The ANS summer meeting was a great place to connect with our colleagues and catch up in the exciting work that is being conducted by our Executive Committee members. This was the last meeting conducted by our former chair (Dr. Mitch Pryor—University of Texas—Austin). Mitch will continue contributing to the EC in the capacity of Ex-Officio. Also, a plaque was presented to outgoing member, Mr. Luke Reid (Savannah River National Laboratory). RRSD would like to extend our appreciation to Mitch and Luke for all that they have done for RRSD throughout the years. In addition, three new members of the Executive Committee were welcomed to the group, including Jim Tulenko (University of Florida), Adam J. Carrol (Oak Ridge National Lab), and Corrie Ian Nichol (NuScale Power). During the meeting, discussions regarding the collaboration between IEEE and RRSD took place and the framework for this collaboration was established. Three potential host sites were identified and a selection process was established. RRSD will continue to provide updates on this joint topical between IEEE and RRSD.
Other business included discussing the ANS Winter meeting in Orlando, FL, and the preparation of abstracts/papers to be submitted. The RRSD committee agreed to solicit the interest of our members for abstract/paper submissions and organize at least two sessions at the Winter meeting. Also, Mr. Gary Benda (WMS Deputy Managing Director) provided an update on the 2018 Waste Management Symposia (WMS) which included “robotics” as the central theme for the conference. Many RRSD members participated, presented and showcased their robotics technologies at WM18.
Finally, at the meeting, we also welcome the new RRSD officers that included Leonel E. Lagos (Chair), Brian E. O’Neal (Vice Chair), Young Soo Park (Secretary), and Steven W. Shaw (Treasurer).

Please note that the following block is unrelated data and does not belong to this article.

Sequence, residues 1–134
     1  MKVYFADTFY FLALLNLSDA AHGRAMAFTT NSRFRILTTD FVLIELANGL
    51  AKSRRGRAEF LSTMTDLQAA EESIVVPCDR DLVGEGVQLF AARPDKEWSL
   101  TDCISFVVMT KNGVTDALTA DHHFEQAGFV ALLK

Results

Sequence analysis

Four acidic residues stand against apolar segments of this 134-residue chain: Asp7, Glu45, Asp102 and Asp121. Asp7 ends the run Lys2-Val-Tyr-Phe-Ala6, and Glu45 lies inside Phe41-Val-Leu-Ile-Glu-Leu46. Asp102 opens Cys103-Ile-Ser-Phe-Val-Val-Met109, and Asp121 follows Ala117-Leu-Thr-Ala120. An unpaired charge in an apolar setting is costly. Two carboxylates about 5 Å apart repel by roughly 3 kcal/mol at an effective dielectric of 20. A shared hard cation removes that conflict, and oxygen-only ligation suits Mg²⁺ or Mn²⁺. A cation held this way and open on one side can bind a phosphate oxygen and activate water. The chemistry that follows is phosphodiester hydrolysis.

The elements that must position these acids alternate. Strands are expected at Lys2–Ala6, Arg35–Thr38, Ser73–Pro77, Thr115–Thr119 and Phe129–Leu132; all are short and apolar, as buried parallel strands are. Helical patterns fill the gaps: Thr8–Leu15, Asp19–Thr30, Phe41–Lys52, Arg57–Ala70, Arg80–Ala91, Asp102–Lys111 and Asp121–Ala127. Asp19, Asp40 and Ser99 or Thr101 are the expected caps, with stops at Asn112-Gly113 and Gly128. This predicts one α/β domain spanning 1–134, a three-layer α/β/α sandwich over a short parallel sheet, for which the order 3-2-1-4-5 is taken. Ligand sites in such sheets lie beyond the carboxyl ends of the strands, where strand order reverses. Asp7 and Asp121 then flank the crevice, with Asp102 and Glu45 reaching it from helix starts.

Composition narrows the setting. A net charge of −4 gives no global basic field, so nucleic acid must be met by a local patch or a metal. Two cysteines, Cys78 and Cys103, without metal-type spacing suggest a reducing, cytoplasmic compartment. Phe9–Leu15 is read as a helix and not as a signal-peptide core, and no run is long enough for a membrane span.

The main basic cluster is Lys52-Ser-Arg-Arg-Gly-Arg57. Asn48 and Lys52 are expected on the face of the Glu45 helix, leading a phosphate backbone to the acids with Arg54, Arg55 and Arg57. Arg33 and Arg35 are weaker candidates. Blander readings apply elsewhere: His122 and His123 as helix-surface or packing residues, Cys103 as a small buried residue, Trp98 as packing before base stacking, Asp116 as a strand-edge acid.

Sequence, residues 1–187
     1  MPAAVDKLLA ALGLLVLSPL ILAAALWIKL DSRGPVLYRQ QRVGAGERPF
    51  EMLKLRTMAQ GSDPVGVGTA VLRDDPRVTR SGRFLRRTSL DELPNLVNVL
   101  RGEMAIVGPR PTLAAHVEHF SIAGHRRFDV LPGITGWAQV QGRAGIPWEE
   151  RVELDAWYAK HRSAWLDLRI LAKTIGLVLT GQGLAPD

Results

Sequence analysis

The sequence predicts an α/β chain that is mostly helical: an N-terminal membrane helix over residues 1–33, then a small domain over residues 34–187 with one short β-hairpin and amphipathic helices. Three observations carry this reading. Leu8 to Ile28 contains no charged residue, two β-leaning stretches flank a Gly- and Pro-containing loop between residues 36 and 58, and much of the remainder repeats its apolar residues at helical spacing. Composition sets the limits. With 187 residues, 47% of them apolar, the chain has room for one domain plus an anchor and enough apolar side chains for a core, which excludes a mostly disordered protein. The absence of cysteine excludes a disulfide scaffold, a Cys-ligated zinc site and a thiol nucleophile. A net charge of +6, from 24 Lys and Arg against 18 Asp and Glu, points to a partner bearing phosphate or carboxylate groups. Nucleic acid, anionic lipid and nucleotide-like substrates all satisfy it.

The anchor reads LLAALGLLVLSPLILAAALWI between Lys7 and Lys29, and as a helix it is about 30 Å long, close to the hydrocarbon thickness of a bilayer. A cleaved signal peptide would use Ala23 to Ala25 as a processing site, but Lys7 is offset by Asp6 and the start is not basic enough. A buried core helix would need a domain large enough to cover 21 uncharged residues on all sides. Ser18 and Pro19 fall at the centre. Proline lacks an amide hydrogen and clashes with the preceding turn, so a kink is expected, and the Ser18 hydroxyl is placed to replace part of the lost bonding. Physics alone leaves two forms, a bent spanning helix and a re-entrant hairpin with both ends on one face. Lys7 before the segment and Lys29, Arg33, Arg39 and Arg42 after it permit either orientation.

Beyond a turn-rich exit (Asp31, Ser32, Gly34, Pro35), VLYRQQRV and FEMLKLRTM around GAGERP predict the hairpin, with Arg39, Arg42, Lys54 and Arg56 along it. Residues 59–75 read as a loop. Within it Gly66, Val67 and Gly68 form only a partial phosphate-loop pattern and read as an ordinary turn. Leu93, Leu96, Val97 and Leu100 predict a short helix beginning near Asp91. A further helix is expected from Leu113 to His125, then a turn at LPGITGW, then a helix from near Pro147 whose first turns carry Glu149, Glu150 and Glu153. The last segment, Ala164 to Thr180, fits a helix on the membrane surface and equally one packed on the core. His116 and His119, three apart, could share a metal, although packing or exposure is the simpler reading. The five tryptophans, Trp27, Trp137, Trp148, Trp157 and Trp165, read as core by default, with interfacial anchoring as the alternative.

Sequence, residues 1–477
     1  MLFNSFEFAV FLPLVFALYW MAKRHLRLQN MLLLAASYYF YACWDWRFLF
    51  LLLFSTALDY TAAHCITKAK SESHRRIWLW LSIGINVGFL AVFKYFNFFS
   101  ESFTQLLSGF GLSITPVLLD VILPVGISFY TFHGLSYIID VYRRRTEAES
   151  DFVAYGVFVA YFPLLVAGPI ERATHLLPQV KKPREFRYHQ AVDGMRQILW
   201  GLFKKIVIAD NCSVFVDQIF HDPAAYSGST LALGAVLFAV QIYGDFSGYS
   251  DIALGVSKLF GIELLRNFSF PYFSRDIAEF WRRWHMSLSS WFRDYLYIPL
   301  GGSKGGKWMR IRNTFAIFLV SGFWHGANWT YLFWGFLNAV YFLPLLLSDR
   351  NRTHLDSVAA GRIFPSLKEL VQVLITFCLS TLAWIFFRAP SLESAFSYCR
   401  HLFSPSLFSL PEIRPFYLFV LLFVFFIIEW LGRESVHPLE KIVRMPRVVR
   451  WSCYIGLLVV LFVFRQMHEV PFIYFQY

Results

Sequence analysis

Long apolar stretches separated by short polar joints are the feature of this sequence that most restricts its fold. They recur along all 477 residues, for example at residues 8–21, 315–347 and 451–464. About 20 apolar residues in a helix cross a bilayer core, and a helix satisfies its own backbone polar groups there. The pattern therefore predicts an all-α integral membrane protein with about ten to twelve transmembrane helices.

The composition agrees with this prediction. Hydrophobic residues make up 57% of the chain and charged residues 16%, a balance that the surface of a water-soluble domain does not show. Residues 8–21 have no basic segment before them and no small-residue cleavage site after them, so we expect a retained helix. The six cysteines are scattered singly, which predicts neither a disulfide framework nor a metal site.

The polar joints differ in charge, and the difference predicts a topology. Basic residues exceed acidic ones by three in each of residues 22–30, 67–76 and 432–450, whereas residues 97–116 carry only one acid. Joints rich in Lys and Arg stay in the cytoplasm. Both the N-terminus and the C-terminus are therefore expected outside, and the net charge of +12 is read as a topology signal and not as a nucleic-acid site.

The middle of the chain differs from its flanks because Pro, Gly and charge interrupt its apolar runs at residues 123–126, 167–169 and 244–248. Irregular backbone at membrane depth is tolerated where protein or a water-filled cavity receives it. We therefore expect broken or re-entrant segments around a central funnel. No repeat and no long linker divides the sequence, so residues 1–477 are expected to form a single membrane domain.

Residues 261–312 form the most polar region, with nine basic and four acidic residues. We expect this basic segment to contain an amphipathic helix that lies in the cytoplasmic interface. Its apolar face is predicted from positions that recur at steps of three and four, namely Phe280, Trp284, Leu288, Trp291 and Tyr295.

2018 ANS Winter Annual Meeting (Nov 11 -15/2018, Orlando, FL)
2019 International Workshop on RRSD for D&D and Emergency Response (Feb 2019, Miami, FL)
2019 WMSYM (Mar 3-7/2019, Phoenix,AZ)
2020 IEEE International Conference on Robotics and Automation in Hazardous Environments (Jan 2020 (tentative), Location (TBD))
Collecting Nominations and Elections
The RRSD Nominations Committee is accepting nominations to join the RRSD Executive Committee in the 2019 election. The nomination committee must submits its slate of candidates to ANS in early October, 2018 so please send your personal interest or nominations to the chair of the election committee, Mitch Pryor (firstname.lastname@example.org) no later than September 20, 2018. The nomination committee strives to keep a balanced committee between academia, industry, and the national labs. Nominees must be in good standing with ANS and willing to actively support the division’s mission to use robotics and remote systems to reduce the hazardous exposure of individuals, reduce environmental hazards, and reduce the cost of performing work in hazardous environments. 1 October, 2018: A slate of candidates must be identified by the Division Nomination Committee for the 2018 ballot. 2 November, 2018: Division Nominating Chair must report election slate to ANS HQ 31 December, 2018: All biographical information and candidate photos must be received by ANS HQ